In the driving seat

octopus_in_carI learned to drive in a manual car, and I remember when the synchronisation of changing gear, steering, and keeping track of what’s going on around the car seemed like an impossible challenge. Did I have to become an octopus — and one with eyes in the back of its head — in order to do this? Magically, at some point, it fell into place and then suddenly there was acres of time to carry out these sequences. And send a text message home at the same time. Just kidding! 😉

Āsana practice is starting to feel a little like this. I have more time and — on a really good day — I have more space. The dimensions of my practice are shifting and expanding. It’s no longer so hard to keep track of where my limbs are, and there’s (a bit) less desire to be anywhere in particular in a pose, as long as I consciously know where I am.

We talked after class yesterday about different ways of entering a pose or working within a pose. My teacher suggested that in aṣṭāṅga practice, poses are often taught from their furthest or deepest extent and then filled in from there. My teacher’s practice is, in contrast, to establish a good basis and then gradually let the pose come over time.

Taking Trikoṇāsana as an example, he often has us entering from the top, as it were, lifting out of Vira 2 into straight legs and then taking that forward into a light Trikoṇāsana that could then deepen over time. In aṣṭāṅga it’s apparently more often taught from the furthest place, taking hold of the toes with the lower hand and then expanding upwards to fill out the pose.

So I find myself unexpectedly at a stage in my yoga practice where I can start to appreciate such differences. There’s more time and space. I can explore them myself at home and see what happens in each āsana, what I learn from a different entry point about the structure of the pose and how my body works. And then what effect it has on my mind to practice like this, where the movement within each āsana is dictated by the final destination point rather than advancing from where I naturally am.

Had I come to yoga at a different point in my life, this would have been my way I’m sure. Reach, reach as far as you can, every single time. But today I’m immensely grateful to have a teacher who encourages intelligent, individual exploration.  In class over and over I receive the message of consistent but gentle effort. No grand gestures. No need for extremes. A demand for nothing more than patience and truth. Just that! Hard, hard, hard. For me some small torture, tugging gently at my innate tendency to overdo, overachieve, overcommit. Unravelling this lifelong habit.

So now I learn a different way. To ebb and flow with my breath, letting an inner truth carry me where it will. Or not. Where am I today, that’s always the question.

I must accept that I am not in control. I am not in the driving seat here.

abhyasa and vairagya.JPGOf course it’s always back to this sūtra (1.12):

abhyāsa vairāgyābhyāṃ tan nirodhaḥ

[These thought patterns (vrittis)] are mastered (nirodhah, regulated, coordinated, controlled, stilled, quieted) through practice (abhyasa) and non-attachment (vairagya).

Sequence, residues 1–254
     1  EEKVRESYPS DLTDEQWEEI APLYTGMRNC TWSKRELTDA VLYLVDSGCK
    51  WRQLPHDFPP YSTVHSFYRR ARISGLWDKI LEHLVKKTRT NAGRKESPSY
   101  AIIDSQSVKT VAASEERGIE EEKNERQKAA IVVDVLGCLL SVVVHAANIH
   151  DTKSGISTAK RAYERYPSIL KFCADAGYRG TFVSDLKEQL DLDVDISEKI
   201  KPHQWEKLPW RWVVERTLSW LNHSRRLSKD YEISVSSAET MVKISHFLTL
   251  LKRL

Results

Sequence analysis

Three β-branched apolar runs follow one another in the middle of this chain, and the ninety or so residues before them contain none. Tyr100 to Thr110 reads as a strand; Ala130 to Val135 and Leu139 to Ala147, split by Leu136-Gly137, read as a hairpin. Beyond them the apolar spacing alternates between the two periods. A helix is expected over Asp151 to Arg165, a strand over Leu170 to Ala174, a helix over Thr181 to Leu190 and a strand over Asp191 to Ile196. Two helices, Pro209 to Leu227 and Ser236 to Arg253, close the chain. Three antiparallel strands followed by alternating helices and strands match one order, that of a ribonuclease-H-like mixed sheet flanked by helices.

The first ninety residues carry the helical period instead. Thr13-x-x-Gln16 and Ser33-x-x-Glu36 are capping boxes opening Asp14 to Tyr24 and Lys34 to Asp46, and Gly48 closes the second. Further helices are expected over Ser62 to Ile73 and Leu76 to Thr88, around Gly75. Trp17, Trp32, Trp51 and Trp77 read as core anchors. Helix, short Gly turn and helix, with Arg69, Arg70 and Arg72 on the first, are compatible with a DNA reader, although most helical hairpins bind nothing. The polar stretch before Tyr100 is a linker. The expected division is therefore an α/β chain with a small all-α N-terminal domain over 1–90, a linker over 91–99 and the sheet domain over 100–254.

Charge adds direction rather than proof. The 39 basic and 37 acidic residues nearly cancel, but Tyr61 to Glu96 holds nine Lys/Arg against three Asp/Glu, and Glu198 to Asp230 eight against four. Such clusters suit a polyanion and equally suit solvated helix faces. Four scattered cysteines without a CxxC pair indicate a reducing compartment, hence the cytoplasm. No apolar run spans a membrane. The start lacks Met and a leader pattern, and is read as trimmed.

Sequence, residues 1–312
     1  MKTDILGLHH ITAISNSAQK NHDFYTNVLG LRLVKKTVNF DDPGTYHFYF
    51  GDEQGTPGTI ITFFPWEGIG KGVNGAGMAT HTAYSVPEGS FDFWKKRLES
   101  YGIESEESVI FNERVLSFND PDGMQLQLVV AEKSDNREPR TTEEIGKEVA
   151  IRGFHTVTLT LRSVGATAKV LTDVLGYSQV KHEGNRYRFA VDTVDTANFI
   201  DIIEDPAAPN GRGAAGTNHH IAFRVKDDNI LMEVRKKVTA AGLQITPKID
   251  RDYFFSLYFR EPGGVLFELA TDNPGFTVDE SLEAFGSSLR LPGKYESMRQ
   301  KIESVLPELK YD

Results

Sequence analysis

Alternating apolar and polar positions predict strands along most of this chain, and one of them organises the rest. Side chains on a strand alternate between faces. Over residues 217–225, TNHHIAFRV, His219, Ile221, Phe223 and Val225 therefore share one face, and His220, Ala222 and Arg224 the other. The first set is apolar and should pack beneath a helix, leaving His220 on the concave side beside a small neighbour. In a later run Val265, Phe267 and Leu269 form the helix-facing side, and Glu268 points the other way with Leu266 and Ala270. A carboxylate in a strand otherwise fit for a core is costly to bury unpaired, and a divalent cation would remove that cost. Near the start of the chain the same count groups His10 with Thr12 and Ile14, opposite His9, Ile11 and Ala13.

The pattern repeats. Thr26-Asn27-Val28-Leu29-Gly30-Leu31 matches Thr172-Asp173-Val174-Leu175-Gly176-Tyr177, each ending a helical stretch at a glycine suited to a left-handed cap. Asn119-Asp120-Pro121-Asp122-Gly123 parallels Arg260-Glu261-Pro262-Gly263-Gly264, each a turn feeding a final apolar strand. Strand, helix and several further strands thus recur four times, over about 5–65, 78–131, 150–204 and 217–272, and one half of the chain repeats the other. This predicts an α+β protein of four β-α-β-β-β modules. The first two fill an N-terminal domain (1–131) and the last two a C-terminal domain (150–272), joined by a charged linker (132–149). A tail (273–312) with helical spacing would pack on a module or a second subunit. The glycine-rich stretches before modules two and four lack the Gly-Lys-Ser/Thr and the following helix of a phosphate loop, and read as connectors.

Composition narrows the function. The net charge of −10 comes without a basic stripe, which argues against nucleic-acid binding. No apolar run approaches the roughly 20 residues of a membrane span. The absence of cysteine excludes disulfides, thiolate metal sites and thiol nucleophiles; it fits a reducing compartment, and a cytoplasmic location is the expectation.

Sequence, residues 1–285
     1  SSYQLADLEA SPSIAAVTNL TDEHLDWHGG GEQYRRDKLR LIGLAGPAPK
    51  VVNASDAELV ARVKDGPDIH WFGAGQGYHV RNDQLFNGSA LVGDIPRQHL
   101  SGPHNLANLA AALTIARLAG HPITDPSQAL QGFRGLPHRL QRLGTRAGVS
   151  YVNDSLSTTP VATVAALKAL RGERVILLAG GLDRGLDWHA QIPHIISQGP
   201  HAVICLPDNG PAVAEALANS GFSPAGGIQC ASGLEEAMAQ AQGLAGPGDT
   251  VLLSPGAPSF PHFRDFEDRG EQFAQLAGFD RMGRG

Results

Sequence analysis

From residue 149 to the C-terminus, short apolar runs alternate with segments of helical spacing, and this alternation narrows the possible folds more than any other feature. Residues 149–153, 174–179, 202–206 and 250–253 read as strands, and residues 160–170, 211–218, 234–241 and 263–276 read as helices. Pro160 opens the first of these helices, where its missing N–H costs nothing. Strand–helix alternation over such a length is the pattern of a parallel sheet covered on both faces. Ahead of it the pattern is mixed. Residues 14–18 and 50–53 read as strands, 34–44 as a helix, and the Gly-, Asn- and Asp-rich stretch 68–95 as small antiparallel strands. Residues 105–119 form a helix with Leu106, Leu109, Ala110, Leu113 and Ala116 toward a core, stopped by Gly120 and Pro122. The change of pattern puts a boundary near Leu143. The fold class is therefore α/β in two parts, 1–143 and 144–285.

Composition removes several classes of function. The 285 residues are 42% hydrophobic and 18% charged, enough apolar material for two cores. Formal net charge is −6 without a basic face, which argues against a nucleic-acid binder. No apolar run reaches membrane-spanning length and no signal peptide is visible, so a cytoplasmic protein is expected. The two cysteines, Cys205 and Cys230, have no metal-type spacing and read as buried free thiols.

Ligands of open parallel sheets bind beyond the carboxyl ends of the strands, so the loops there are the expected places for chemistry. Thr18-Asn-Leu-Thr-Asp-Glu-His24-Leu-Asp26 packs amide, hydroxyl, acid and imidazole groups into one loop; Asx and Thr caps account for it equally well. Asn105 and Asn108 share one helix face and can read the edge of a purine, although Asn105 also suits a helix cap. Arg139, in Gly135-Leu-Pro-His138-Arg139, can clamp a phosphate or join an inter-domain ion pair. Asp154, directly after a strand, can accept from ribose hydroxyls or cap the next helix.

——————–

Octopus image source: https://www.garyswift.com/

7 thoughts on “In the driving seat

Add yours

    1. Thanks for the encouragement on handwriting! I’m following your lead and going for some daily practice on this – it is so great for familiarity with the sutras as well as good for my handwriting and sanskrit learning! Multi tasking at its best 🙂

      Liked by 2 people

  1. Your script is so beautiful!!! Bravo, babycrow!
    Re. the Ashtanga practice – Richard Freeman does not teach it as your teacher outlines. He is my main teacher’s teacher, and I also enlist lots of props when I teach my Ashtanga class. Trikonasana is a good example – because taking the big toe with the index and middle finger creates more of a forward bend than a side bend for most mere mortals. I too approach it “from the top down” – it will deepen naturally with time. And as Anodea Judith (chakra yoga) said in a recent teacher training that I followed, yoga is NOT about how deep one goes in a pose but about HOW MUCH AWARENESS one brings to the process.
    I suggest that folks interested in another approach to the Ashtanga vinyasa tradition check out the Yoga Workshop in Boulder Colorado, and Richard Freeman’s two books – The Mirror of Yoga and The Art of Vinyasa: Awakening Body and Mind through the Practice of Ashtanga Yoga The Art of Vinyasa: Awakening Body and Mind through the Practice of Ashtanga Yoga.

    Liked by 1 person

    1. thanks k8. I think my teacher (and he’s not the only one I’ve heard say this) was simply lamenting the number of injured ashtangis he sees. RF and his students might not teach it this way (and clearly you know this better than I do) but the impression is that there are some teachers in the tradition who are less compassionate. You know I’m a big fan of RF — from a distance! 🙂

      Liked by 1 person

    1. you’re too kind, Martie! practicing helps. But my english script is simply awful, so calligraphy just isn’t my strongpoint! Nor is relinquishing control — so practice there too!

      I’m starting to see that perfectionism is a recipe for unhappiness 🙂

      Liked by 2 people

Leave a Reply

Fill in your details below or click an icon to log in:

WordPress.com Logo

You are commenting using your WordPress.com account. Log Out / Change )

Twitter picture

You are commenting using your Twitter account. Log Out / Change )

Facebook photo

You are commenting using your Facebook account. Log Out / Change )

Google+ photo

You are commenting using your Google+ account. Log Out / Change )

Connecting to %s

WordPress.com.

Up ↑

%d bloggers like this: